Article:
Why I Care About Net Neutrality

Like the vast majority of the American public, I am proud to say that I support “Net Neutrality.” A recent poll showed that 83% of all Americans favor Net Neutrality and disapprove of the Federal Communication Commission’s (FCC’s) recent decision to repeal its protections. Hundreds of organizations, including the ACLU, the American Library Association, the Electronic Frontier Foundation, and a myriad of businesses (including Google, Facebook, Amazon, and many others) have publicly come out against the recent FCC ruling. Thousands of small businesses signed on to a letter to the FCC opposing this change in rules. Even Burger King has taken a stance, releasing a satirical ad showing what would happen if “neutrality” were removed from hamburger delivery — and of course the public benefit of an open Internet extends far beyond mere fast food delays!
To truly understand Net Neutrality, however, it’s important to look beyond the hype. The history of this issue stretches back for decades. Since the Communications Act of 1934, the U.S. has classified telephone companies as “common carriers,” meaning they have to provide indiscriminate public access for all users of their networks. Companies can (and of course do) charge a fee for use of a network, but can’t regulate content going through the network or discriminate against certain traffic in any way. The idea was that providing a utility to connect all residents in the country to a communications platform was in everyone’s interest and hence had the economic characteristics of a “public good” (meaning that it was in all in our benefits that all other people are connected to this network).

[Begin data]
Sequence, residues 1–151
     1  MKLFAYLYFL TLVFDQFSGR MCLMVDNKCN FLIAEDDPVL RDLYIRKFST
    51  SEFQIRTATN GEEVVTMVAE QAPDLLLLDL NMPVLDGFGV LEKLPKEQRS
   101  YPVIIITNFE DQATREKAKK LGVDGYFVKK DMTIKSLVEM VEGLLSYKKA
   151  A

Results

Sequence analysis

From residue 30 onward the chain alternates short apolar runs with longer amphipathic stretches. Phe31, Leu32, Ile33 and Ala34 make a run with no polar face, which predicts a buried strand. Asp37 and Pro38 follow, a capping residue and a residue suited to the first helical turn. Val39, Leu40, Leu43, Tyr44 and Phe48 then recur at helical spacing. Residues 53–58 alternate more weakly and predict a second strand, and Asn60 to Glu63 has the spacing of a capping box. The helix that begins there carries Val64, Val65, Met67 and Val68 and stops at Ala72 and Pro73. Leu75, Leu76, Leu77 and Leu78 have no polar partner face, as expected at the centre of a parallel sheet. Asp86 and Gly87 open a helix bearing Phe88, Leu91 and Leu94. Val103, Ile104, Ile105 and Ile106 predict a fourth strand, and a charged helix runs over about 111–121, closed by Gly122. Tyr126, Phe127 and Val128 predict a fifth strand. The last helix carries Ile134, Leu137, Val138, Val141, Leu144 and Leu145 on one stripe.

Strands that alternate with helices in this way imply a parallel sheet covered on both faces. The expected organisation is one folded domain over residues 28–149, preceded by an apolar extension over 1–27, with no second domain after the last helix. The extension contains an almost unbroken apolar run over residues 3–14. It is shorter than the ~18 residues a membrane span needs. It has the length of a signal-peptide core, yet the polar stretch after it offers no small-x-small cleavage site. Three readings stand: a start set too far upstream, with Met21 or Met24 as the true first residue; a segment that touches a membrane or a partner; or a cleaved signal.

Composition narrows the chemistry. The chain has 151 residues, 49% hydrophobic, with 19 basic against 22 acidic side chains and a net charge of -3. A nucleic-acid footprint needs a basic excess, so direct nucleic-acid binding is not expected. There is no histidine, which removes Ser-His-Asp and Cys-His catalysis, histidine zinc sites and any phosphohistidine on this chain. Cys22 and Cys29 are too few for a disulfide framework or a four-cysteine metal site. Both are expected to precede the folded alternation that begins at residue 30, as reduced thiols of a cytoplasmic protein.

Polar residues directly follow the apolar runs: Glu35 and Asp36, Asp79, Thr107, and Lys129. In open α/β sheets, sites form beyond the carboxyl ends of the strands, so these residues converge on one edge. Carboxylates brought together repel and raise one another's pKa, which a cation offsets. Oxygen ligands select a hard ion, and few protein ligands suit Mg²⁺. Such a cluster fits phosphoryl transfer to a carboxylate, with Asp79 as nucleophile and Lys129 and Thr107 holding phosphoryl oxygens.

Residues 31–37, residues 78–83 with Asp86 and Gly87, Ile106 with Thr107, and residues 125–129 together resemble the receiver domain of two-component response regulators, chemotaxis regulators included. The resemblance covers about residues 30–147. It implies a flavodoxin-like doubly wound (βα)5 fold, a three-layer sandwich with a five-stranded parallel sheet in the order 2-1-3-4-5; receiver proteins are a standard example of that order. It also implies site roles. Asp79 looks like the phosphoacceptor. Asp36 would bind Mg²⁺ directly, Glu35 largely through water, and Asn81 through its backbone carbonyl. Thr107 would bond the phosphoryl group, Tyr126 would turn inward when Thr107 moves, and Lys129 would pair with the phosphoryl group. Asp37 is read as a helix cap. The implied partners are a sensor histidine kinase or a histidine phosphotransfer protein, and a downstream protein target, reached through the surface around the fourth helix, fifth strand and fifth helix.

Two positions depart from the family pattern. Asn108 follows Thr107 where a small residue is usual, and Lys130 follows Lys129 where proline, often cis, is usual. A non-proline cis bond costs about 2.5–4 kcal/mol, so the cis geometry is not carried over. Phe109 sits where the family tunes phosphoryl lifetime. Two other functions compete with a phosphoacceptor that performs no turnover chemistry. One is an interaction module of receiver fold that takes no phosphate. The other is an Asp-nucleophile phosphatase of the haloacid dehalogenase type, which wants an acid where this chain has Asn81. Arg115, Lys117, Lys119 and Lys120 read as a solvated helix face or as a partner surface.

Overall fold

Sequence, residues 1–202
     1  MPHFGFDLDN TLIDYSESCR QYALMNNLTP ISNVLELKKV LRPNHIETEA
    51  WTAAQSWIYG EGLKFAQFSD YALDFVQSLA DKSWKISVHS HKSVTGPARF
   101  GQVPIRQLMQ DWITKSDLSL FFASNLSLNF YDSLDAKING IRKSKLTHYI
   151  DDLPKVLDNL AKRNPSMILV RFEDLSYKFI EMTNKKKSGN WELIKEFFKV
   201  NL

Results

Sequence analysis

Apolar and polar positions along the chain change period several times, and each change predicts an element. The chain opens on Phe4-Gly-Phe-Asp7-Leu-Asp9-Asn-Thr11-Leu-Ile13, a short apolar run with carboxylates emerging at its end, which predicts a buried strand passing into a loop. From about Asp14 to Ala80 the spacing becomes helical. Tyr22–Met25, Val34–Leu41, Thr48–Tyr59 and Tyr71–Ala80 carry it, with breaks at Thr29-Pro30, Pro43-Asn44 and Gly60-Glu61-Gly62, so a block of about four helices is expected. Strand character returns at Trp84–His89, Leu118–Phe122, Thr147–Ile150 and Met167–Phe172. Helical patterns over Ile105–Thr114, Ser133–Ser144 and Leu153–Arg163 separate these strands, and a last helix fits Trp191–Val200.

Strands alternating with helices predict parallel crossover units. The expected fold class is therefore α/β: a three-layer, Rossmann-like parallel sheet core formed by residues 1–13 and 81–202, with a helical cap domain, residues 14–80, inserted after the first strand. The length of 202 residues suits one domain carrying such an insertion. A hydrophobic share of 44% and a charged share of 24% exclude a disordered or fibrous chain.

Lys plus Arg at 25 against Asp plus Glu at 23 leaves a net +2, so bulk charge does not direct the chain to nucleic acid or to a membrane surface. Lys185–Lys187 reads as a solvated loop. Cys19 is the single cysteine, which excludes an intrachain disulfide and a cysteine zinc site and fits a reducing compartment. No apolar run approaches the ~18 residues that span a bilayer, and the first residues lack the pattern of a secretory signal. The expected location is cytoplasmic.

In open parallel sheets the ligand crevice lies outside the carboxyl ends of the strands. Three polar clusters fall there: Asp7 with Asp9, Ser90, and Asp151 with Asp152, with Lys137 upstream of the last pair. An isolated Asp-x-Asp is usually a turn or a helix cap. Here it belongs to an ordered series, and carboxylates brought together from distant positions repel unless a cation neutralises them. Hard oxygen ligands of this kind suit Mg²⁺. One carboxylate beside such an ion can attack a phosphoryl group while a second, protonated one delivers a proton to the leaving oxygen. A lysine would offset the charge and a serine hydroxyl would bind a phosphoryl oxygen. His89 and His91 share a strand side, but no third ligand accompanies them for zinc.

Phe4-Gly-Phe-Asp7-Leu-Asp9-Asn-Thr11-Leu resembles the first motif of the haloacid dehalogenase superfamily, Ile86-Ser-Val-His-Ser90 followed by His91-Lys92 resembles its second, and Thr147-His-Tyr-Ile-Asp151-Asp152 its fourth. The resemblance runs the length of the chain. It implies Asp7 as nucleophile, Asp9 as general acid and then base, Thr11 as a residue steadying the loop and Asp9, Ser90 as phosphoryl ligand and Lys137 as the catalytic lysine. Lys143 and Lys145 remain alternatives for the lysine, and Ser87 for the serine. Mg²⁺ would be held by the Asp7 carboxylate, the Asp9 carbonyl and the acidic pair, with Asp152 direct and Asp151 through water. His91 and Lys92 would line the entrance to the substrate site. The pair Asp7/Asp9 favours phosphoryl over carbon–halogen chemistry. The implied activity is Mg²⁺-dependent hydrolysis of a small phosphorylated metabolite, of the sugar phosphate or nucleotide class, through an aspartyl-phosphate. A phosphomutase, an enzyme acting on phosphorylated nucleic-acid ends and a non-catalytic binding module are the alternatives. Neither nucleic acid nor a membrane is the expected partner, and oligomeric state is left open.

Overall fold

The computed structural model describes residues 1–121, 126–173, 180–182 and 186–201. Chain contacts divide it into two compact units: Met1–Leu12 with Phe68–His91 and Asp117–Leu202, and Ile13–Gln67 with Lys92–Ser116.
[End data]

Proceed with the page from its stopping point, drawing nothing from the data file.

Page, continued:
Many decades later, the Telecommunications Act of 1996 amended this law to exempt Internet service providers from being common carriers. However, most providers continued to act like they were anyway; the Internet was in its nascence and all parties had a direct interest in encouraging its use. After the turn of the century, concerns arose that some network providers would charge more for (or otherwise manage) different users of their networks — this was perhaps precipitated by the growing demand for high-bandwidth content such as video. In 2010, the FCC ruled that U.S. broadband providers should be treated as common carriers, a ruling that was later affirmed by a U.S. federal court. This common carrier status for broadband Internet providers became known as Net Neutrality. It’s important to note that the Internet is additionally becoming a medium for voice, so the line between an Internet service and phone service had become significantly blurred – another reason why the common carrier framework was still relevant.
However, in March 2017, under a new administration, the FCC announced plans to dismantle its Net Neutrality rules. Just nine months later, it voted to repeal the restrictions that prevented broadband providers from blocking websites or charging for higher-quality service. This meant that high speed Internet delivery would no longer be regulated like a common carrier public utility. Though hailed by network providers, the ruling was largely criticized by consumers and businesses. Opponents worried that carriers, who have de facto monopolies or duopolies in most regions, would be able to create Internet “fast lanes” and “slow lanes.” The Internet Association President & CEO Michael Beckerman summed up that concern: “There is little competition in the broadband service market — more than half of all Americans have no choice in their provider — so consumers will be forced to accept ISP interference in their online experience.” This could harm consumers with higher prices, as well as dampen innovation and competition as new companies might find it too expensive to compete with established businesses. In addition, any ability for a carrier to block traffic on its network based on its source or on its specific content is a dangerous precedent – it could create serious privacy issues and place a private company in the role of potential censor. The FCC and broadband providers argued that Net Neutrality regulations weren’t necessary because of the growing competition among access providers. Additionally, they contended that removing this regulation would allow them to better provide a menu of services at different price points to meet an array of customer needs.